I may live in America, but the things I own say otherwise. I wake up and put on clothes made in Indonesia, then grab my backpack from Taiwan before going to class. I use pencils made in China and a laptop from Malaysia. I eat food grown in Mexico and order products online from India.
Not so many years ago, many of the things I own and use would have been made locally. Now, with the world becoming ever more connected, economies are becoming more and more intertwined. I see many benefits to this, but there are downsides as well.
When I was growing up in small-town Idaho, there was a unique pizza place and a family-owned auto repair shop. Now they have Pizza Hut and O’Reilly Auto Parts. The globalization of the world is weeding out the diversity in brands and shops; if it isn’t big enough to expand, it gets crushed.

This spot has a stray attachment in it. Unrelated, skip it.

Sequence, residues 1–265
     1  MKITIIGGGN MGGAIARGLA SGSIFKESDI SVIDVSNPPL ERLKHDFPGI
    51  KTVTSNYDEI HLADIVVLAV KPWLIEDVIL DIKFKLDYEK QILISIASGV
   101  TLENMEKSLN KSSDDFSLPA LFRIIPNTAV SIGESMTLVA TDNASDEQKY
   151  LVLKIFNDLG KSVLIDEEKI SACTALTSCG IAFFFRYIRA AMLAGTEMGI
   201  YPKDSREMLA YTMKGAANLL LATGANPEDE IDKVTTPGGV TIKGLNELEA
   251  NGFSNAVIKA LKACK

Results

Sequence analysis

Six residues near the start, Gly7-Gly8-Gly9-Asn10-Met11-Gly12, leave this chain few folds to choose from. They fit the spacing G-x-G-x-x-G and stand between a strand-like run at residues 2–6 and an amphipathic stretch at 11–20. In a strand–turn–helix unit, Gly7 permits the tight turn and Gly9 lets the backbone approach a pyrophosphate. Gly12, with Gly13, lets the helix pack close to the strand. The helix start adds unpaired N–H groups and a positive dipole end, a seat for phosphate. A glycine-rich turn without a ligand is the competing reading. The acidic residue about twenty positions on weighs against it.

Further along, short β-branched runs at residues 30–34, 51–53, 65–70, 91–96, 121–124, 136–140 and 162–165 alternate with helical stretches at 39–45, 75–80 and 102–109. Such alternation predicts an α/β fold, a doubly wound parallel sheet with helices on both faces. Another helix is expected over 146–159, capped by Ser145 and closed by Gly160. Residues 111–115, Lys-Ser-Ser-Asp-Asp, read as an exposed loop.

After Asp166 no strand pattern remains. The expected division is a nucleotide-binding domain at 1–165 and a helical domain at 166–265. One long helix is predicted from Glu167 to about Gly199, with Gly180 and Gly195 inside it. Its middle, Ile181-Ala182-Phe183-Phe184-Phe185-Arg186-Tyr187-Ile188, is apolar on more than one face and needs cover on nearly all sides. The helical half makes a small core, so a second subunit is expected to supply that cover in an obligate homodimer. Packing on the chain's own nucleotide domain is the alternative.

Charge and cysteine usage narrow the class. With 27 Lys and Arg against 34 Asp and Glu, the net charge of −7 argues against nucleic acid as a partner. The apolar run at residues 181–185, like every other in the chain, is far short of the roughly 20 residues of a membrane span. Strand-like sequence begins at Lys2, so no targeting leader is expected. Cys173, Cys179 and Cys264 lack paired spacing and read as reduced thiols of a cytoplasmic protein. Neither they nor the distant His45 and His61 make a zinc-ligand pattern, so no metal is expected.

Fortunately that is not always the case, nor are there only downsides to this trend. The interconnectedness of the world is bringing new products, new flavors, and new music to different parts of the world. I can go online right now and order spices from Ethiopia or chocolate from Indonesia. I can buy clothes from European designers or towels from Turkey. I enjoy having the world at my fingertips, and I wouldn’t change it for the world. And yet I’m still nostalgic for the little family shops of the older days.